Now, as to the identity of the "speckled band" itself, we may quickly discount Holmes' statement concerning "An Indian swamp adder. It is the deadliest snake in India," as there is no such animal as an Indian swamp adder. At any rate, no such animal will be found listed in Gharpurey's Snakes of India and Pakistan (Popular Prakashan, Bombay, 1935) and similar reference sources. What we do find mentioned by Gharpurey is a snake that fits very nicely the description of the "speckled band." The most dangerous poisonous snake in India, after the cobra, is the krait and we find this description of the banded krait (Fig. 4): "Banded Krait (Bungarus fasciatus). It has all the distinctive characteristics of the krait, but in addition it has across the back large broad bands, their colour alternating yellow and black. The bands may be 1 to 1 1/2 inches broad. The Banded Krait has a very beautiful appearance. It is a deadly poisonous snake, its venom being estimated to be sixteen times as powerful as that of the Cobra." (Page 56) These latter statements are very significant, for they explain both how the snake might have been mistaken for a handkerchief or headband and also how the snake's venom dispatched the huge and powerful Dr. Grimsby Roylott so easily and instantaneously. The author submits that a careful survey of venomous Indian snakes will turn up no other so suited to the identity of the "speckled band." We shall not speculate here on whether Dr. Grimsby Roylott could actually have trained a snake to respond to a whistle and the reward of a dish of milk. Suffice it to say that snakes have not external ears and hence have little sense of hearing and also snakes, contrary to popular myth, have no liking whatsoever for milk. (The American "milk-snake" for example is so called because it is often found in dairy barns. But its reason for being there is not to suck the milk from the cows as was popularly thought, but to catch the mice and rats that live in the straw found in such barns.) Thus, Watson's account is suspect in the extreme, and we must conclude that the true facts of the murder of Helen Stoner's sister and Dr. Grimsby Roylott's sudden demise remain to be told in full.

The Terrible "Lion's Mane"

Our final instance of an unusual creature in a Holmes adventure is the terrible "Lion's Mane," the homicidal sea beast which so rudely interrupted Holmes' vacation by the seashore and which is found in one of the few adventures actually narrated by the Master himself. Here we find, in complete opposition to Watson' slipshod narrative, a very precise scientific account. Now the first question is whether such a creature as Cyanea capillata actually exists and whether Holmes' description of it and its deadly effects is correct as presented. We must answer a resounding "yes" to both questions.

For if we turn to page 104 of F. S. Russell's The Medusae of the British Isles, Volume II, Pelagic Scyphozoa (Cambridge University Press, 1970), we shall find no less than thirty-five pages devoted to our culprit, Cyanea capillata, the Lion's Mane, which turns out to be a stinging jelly-fish (Fig. 6 & 7). Of the sting, Russell states: "...the sting of C. capillata is relatively severe. This jellyfish is especially avoided by fishermen...Bad stings can give rise to blisters, lassitude, irritation of the mucous membranes and muscular cramps, and may affect heart and respiratory activities." Russell further states that: "The stinging powers of C. Capillata are retained long after the medusa has been stranded on the shore." This, of course, explains how the washed-up Lion's Mane was able to deliver its poisonous stings.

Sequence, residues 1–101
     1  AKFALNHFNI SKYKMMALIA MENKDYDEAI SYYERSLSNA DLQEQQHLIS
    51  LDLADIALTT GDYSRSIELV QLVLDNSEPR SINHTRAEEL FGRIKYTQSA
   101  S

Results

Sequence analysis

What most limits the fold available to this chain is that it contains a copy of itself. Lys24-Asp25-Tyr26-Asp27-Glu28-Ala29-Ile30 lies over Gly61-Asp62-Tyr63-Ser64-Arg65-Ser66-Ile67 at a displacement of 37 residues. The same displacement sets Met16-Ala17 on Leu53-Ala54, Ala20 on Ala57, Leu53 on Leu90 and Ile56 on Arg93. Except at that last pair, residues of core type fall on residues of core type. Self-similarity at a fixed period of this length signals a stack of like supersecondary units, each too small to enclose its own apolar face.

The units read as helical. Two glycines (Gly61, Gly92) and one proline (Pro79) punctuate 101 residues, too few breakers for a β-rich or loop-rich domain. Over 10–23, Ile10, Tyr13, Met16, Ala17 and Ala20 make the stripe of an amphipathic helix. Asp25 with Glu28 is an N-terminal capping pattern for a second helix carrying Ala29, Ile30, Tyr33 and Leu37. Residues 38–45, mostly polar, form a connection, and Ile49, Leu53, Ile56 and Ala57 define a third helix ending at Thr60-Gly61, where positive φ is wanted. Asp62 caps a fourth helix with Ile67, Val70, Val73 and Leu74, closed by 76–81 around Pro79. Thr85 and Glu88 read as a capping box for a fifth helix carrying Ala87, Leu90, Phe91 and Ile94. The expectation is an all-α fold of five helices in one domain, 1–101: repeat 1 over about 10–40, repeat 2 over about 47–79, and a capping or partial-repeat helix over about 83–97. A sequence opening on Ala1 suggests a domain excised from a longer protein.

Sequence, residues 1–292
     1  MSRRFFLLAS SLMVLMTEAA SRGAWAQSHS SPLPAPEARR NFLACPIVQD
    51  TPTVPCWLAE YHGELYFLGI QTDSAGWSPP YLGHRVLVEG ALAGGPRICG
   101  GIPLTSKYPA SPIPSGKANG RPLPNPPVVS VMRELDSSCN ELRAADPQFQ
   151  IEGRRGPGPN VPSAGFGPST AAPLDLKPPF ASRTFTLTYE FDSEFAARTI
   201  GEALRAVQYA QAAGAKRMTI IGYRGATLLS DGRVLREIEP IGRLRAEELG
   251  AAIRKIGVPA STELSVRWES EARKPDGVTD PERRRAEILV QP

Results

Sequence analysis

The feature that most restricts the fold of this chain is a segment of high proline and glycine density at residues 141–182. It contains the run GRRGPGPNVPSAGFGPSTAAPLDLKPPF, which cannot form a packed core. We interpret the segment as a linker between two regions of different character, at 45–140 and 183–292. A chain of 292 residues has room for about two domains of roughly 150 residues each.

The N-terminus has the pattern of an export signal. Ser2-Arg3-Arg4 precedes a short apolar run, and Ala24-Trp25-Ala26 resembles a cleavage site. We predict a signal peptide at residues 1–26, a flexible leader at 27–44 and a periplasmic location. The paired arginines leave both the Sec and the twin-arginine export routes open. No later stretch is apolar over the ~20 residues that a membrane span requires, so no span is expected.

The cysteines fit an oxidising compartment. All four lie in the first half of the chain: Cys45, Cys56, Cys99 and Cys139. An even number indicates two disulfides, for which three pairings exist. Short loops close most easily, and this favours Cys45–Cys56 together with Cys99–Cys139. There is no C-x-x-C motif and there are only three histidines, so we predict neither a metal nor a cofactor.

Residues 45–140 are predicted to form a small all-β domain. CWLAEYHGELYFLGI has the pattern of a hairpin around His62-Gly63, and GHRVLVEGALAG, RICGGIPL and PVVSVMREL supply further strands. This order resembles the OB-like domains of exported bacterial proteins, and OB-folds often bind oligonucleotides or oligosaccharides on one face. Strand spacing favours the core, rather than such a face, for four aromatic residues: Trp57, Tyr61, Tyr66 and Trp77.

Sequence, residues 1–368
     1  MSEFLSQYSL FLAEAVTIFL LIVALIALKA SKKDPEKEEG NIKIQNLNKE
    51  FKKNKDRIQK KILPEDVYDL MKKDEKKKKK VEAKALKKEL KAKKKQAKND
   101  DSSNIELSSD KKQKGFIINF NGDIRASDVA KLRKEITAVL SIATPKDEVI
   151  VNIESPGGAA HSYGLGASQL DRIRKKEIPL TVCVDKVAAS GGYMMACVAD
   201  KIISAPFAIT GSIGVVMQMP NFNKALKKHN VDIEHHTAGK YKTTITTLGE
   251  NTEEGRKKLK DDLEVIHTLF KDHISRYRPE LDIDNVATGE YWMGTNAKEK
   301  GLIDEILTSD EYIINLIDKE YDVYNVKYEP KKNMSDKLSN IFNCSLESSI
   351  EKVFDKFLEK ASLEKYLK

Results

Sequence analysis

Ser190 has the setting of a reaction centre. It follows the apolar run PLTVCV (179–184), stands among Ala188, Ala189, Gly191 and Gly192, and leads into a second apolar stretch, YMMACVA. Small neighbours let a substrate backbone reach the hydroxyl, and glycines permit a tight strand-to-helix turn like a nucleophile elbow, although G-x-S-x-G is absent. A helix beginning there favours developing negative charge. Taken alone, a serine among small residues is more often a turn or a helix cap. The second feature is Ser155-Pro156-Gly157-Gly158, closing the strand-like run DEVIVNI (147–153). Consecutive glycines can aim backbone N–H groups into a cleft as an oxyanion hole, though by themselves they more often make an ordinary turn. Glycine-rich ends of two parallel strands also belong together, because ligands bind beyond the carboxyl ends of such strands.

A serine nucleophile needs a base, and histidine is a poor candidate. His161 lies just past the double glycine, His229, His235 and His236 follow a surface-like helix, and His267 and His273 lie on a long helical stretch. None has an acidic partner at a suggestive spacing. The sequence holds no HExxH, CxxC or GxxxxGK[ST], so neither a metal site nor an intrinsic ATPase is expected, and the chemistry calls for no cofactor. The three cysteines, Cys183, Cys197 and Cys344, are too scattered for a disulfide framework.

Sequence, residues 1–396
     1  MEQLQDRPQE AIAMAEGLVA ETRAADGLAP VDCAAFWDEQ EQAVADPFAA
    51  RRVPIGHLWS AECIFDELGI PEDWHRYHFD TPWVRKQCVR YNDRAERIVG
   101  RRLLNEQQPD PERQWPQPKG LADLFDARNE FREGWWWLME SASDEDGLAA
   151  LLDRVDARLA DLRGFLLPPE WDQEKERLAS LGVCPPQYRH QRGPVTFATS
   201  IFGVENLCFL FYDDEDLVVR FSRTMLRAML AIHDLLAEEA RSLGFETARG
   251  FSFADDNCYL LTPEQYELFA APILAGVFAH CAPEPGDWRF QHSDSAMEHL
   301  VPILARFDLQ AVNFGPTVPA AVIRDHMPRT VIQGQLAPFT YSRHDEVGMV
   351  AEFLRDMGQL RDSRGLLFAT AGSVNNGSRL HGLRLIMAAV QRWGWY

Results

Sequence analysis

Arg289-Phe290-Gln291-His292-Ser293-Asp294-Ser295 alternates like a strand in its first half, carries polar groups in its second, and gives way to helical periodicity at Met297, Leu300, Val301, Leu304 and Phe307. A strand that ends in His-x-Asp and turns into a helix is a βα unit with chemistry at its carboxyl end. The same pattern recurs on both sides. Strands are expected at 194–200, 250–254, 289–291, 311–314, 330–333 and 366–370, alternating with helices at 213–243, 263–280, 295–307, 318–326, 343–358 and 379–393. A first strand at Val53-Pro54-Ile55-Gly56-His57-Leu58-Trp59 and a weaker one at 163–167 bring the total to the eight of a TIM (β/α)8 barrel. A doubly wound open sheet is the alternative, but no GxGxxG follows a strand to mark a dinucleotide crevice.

Of Holmes' encounter with this creature Russell is by no means ignorant. He states: "A modern Sherlock Holmes might well have solved his problem by examination of the nematocyts on the dead man's skin without having to find the jellyfish itself!" This is somewhat unfair as Holmes did, in fact, suspect the jellyfish, after confirming his suspicions in J. G. Wood's Out of Doors, from which Russell also quotes extensively. Thus we must give Holmes full marks for accurately presenting the mysterious creature that killed Fitzroy McPherson and attempted to kill Ian Murdoch.

Many other aspects of Holmes' adventures with wild animals might be explored. Was it, in fact, to search for the Abominable Snowman or Yeti that Holmes went to Lhasa at the Dalai Lama's request, disguised as a Norwegian explorer named Sigerson, as some writers have suggested? Did Holmes ever turn his hand to the mystery of the Loch Ness monster, so temptingly near at hand? These and other questions remain to be unraveled. When they are, we can only hope that the world will be prepared.

NOTE: For the benefit of bibliophiles, it is interesting to take note of some books that might have been in Holmes' library in connection with these cases. We have already noted J. G. Wood's Out of Doors of 1882, in which Holmes found his account of the stinging of C. capillata: "...Both the respiration and the action of the heart became affected, while at short intervals sharp pangs shot through the chest, as if struck by a leaden missile....Several days elapsed before I could walk with any degree of comfort, and for more than three months afterwards the shooting pang would occasionally dart through the chest." It is interesting to realize that these are part of the very words Holmes must have read while doing his research!

Some books Holmes might have consulted in the Matilda Briggs case include An Account of the Rats of Calcutta published at the turn of the century by William C. Hossack, M.D., by the Baptist Mission Press, Calcutta. No doubt William C. Hossack, M.D. was an old Army friend of Watson's from the Afghan campaign, and he would surely have sent Watson an early draft of first edition of this valuable book. Holmes would surely have purchased a copy of Henry C. Barkley's The Art of Rat Catching, published in 1896 in London, and indeed he may have asked Henry C. Barkley himself into the case as a consulting expert. When we think that 1896 may in fact have been the year of the Matilda Briggs case, this seems very possible indeed.